Background TV viewing is also implicated in poorer executive functioning, a set of skills associated with attending, planning, concentrating, self-regulating, sitting still, not interrupting. It’s all of those skills beyond the academic ones that you need to be successful in school. The constant interruptions caused by background TV interfere with the development of this set of skills. It’s sort of like we know that smoking is bad, but we used to think secondhand smoke wasn’t a problem. It’s the same idea.

Tell me a little bit more about how you conducted the study?

We conducted a phone survey study between January and March 2009, with 1,454 English-speaking parents/caregivers of children between 8 months and 8 years. We discovered that the average American child was exposed to 232.2 minutes of background television on a given day. Using multiple regression analyses, we determined that younger children, children living in single-parent homes, and African-American children were exposed to significantly more background television than their older, multi-parent, and non-African-American peers.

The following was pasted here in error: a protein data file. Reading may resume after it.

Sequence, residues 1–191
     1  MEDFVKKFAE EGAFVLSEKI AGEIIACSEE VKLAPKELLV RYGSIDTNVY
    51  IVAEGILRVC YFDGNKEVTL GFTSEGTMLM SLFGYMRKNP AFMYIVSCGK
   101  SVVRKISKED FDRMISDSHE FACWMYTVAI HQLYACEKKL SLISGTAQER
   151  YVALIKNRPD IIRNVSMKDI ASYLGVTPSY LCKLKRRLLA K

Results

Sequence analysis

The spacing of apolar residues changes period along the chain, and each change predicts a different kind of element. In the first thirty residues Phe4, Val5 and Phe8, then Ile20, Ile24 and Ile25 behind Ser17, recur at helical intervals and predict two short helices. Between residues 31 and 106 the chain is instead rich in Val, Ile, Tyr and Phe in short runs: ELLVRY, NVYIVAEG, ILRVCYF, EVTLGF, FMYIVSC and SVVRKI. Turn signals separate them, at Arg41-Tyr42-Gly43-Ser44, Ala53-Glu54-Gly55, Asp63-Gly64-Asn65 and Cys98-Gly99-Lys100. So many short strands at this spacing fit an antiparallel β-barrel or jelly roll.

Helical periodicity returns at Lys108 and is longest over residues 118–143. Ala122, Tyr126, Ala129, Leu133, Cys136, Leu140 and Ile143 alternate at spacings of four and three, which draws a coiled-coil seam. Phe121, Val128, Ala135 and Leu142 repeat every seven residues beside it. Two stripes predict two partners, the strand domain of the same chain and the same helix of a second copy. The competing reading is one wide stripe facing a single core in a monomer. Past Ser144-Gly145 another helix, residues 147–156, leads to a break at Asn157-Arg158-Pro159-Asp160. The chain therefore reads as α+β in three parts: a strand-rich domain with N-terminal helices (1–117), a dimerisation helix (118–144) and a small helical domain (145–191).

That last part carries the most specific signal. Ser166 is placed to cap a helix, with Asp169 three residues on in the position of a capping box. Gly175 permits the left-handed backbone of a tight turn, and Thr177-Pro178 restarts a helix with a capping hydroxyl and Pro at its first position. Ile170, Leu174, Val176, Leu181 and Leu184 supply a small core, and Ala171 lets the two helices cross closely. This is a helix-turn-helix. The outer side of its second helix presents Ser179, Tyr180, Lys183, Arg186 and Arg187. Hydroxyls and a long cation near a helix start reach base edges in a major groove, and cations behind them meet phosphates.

Our survey was fairly unique. We were able to include a time diary that referenced the previous 24 hours of the child’s life. Diaries are the gold standard because they can give us a relatively true estimate of time spent in different activities. It’s very rare that telephone surveys exceed 30-35 minutes. Ours averaged 50 minutes. Parents would get on the phone and talk and talk about their kids. It was great. And 93 percent said we could call them again and do a follow up.

Were you surprised by any of the results?

When my student first brought me the table with the minutes, I questioned the data because it was an extraordinary amount. What was really distressing was the fact that the youngest kids, the ones under 2, were exposed to 5.5 hours of background TV per day. That’s more than anything except sleeping. And this exposure is in addition to active television watching, meaning that kids under 2 are probably exposed to six or seven hours per day of media, which is way too much.